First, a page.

- Magnesium Glycinate (or bisglycinate)
- Magnesium Threonate
- Magnesium Orotate
- Magnesium Chelate
If you don't see the form of magnesium that you supplement with above, then check with us below to find out if it's any good. A dosage of 200 - 400mg a day is sufficient for most people.
Magnesium deficiencies are largely overlooked, making this one of the most essential and beneficial supplements around - especially for improving the effectiveness of nootropics.
Zinc is an essential element that assists with balancing hormones and sleep quality. It is synergistic with magnesium and vitamin B6. We recommend Zinc Picolinate as a reliable form of zinc, as it is readily absorbed and well tolerated - especially compared with gluconate and citrate¹.
If you prefer not to supplement with any of these individually, Betaine, Magnesium Glycinate, Zinc Picolinate, and vitamins B6 and B12 all form part of our Neuroprime formula. Neuroprime is specifically designed to be used as a foundational supplement to fuel the production of antioxidants and neurotransmitters, assisting in the function of nootropic compounds.
Less is more for sustaining results
Less is more doesn't necessarily mean going below the recommended dosages, even if that is sometimes the case. However, supplementing above the recommended dosages may lead to reduced effects in the long-term.
People have a tendency to increase the doses of compounds past the normal range because they don't 'feel' enough, or anything at all. This is quite common in the nootropics space.
Increasing the dosage past the normal range or increasing the number of compounds you supplement with because you aren't 'feeling an effect' can be entirely counterproductive to achieving your goals since most nootropics are not meant to be used in this manner.
There are countless reasons why a nootropic compound (or stack) may not work as expected, here are the most common ones:
- Your nervous system is overworked
Regular use of certain stimulants can lead to elevated cortisol and an overtaxed nervous system, creating the potential for a blunted response to compounds. The parasympathetic nervous system relies almost entirely on the neurotransmitter acetylcholine for signaling. This reliance on acetylcholine makes it a lot easier to over tax the nervous system than people realize, increasing the potential for brain fog from too much choline.
- You may not be self-aware enough to notice a perceptible difference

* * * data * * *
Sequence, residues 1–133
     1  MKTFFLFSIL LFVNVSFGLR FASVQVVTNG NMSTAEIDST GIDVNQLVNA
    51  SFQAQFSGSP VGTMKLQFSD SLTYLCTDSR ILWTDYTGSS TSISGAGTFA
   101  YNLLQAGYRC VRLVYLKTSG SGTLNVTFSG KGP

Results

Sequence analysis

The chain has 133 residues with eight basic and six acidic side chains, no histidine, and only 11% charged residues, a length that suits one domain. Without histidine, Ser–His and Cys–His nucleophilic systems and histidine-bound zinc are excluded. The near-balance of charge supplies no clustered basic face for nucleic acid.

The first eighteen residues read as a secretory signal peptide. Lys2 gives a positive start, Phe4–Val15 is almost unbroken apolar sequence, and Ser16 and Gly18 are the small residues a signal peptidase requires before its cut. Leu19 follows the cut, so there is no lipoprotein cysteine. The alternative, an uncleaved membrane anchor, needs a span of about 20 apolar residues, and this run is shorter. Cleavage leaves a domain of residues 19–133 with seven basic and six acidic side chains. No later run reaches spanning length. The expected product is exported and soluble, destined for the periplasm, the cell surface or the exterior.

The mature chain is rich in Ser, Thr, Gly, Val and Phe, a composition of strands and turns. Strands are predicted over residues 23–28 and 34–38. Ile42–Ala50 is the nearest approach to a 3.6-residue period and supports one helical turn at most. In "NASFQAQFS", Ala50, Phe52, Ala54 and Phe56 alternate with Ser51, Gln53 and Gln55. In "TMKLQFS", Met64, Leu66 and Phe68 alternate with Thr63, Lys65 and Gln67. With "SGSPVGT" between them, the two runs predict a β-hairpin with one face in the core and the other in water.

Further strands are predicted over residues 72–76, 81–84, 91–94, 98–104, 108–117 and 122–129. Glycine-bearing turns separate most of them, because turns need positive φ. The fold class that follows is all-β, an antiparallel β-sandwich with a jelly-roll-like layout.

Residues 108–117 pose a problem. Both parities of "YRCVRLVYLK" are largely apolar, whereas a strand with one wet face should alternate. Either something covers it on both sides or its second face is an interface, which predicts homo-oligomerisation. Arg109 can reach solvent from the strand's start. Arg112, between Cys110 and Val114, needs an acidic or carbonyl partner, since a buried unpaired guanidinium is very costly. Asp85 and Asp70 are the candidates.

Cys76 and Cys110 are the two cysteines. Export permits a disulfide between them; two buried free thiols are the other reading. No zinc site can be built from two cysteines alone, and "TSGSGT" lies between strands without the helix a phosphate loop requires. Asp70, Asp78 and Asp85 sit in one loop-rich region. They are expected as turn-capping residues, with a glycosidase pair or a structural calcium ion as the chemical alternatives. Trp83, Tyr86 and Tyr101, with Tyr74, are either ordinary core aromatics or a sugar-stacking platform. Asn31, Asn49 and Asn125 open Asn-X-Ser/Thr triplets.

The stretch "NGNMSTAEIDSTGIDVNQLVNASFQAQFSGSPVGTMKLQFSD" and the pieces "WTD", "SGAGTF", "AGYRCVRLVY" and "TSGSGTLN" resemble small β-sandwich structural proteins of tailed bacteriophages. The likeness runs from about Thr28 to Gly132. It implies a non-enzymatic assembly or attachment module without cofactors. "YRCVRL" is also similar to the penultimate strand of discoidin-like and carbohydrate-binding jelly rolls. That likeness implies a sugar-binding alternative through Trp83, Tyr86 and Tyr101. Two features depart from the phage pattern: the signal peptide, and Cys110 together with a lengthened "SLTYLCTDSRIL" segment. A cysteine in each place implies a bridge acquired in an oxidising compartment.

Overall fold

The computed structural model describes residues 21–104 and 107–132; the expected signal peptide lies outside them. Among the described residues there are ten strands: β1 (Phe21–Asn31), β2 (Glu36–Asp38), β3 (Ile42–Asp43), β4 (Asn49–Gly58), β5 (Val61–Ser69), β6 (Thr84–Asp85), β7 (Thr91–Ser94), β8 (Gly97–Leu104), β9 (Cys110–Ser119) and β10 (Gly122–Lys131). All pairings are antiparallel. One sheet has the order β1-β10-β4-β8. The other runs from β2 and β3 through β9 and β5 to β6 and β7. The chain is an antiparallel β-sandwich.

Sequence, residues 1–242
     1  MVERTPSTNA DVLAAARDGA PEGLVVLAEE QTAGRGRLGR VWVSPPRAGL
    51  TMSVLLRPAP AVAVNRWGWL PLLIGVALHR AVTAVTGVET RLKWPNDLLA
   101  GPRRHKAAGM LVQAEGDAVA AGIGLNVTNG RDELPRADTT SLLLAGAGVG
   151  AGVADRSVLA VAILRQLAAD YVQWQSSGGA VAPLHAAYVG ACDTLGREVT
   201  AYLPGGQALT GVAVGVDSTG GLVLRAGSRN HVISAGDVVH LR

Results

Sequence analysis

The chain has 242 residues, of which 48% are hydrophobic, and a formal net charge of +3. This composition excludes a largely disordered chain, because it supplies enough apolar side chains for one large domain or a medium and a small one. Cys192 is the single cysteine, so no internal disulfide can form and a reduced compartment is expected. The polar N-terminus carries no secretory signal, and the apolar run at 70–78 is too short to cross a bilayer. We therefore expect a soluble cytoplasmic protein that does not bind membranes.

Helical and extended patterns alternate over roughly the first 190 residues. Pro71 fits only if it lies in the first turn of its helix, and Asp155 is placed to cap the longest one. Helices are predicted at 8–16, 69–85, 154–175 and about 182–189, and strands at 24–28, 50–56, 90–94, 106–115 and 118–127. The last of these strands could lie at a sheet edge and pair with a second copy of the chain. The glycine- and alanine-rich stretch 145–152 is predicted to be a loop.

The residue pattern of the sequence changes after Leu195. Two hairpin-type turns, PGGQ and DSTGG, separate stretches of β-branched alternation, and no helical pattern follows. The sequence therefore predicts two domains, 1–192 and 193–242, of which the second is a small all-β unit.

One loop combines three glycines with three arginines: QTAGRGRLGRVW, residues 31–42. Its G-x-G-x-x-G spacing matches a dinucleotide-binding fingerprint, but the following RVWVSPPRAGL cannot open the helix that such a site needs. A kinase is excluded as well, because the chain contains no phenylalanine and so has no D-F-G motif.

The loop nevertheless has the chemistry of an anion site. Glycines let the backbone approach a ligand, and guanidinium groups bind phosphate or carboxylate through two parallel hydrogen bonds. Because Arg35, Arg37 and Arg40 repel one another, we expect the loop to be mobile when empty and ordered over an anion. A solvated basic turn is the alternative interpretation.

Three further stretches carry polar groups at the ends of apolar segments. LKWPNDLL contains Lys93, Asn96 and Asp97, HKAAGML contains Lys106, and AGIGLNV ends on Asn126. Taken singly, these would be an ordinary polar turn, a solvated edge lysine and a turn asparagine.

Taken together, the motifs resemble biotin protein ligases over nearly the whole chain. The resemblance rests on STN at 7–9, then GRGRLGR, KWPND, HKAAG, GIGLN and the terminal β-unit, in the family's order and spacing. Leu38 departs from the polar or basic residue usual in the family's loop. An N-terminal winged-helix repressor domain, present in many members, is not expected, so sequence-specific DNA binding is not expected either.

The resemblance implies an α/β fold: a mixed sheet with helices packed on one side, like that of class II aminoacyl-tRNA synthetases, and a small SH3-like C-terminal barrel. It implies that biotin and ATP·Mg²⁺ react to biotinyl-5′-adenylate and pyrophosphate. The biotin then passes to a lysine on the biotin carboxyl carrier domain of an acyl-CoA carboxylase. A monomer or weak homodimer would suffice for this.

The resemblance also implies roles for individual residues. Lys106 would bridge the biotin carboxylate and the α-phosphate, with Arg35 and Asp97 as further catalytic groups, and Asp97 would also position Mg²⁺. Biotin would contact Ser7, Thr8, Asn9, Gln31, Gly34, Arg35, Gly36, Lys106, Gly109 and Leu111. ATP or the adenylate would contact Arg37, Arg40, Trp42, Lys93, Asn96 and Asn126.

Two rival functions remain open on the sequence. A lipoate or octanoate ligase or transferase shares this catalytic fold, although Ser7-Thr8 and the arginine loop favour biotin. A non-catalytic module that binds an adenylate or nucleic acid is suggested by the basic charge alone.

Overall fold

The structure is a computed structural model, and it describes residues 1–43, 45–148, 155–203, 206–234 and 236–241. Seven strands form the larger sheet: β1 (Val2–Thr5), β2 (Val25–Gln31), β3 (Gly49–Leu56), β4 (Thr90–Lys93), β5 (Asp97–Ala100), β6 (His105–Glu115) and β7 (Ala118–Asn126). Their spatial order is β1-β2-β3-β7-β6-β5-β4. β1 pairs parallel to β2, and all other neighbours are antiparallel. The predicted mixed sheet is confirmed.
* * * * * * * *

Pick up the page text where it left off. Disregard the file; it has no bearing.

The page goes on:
This is more common than you think, especially since many nootropics are quite subtle in effect.
- You received a product that doesn't contain what you think
The vast number extract variants, vitamins, and compounds available make it very easy to be misled when making a choice. Certain forms are shown to be significantly inferior, ineffective or unsuitable, yet they still form the basis of many products in the hopes that people don't know any better.
We review customer stacks regularly. We've spent years doing so, providing us with the experience needed to understand which protocols work best, and those that don't work at all.
What we've found to be the common denominator is the average person's supplement and nootropic stack contains too many ingredients. This is exacerbated by single-product start-ups that sell nootropic stacks which contain 20, 30 or even 40 (!) ingredients, all while suggesting their formulations are carefully researched. In reality, these companies rarely research, design or manufacture their own products - otherwise, they would have taken a more logical approach instead of throwing everything they can at a single one.
Dressed up with pseudoscience and deceptive marketing, over-formulated nootropic stacks go a long way in misleading people by promising all the benefits from just a few capsules, giving users the wrong impression of what nootropics can achieve when actually used in an intelligent and focused manner. Combining too many nootropics and minerals, more than most have even heard of, into a single stack will not only produce suboptimal results, it's also a sure way to waste your time and money.
It is well established that the most popular, effective foundational stacks consist of far fewer ingredients. Nootropic stacks such as caffeine and l-theanine, racetams and choline, and sulbutiamine and caffeine, to name a few, are popular because they are simple yet effective.
Using this approach, identifying negative interactions becomes significantly more realistic if they occur. By combining fewer ingredients, you will have a much easier time discovering what works for you. Ensuring you get adequate cofactors and precursors may help with potentiation, allowing for more noticeable results at similar or even lower doses.
You can take this further by building yourself a few different types of stacks that provide similar benefits and cycling between them in order to reduce any potential for building up a tolerance to their effects.
What you should look out for when making or buying nootropic stacks: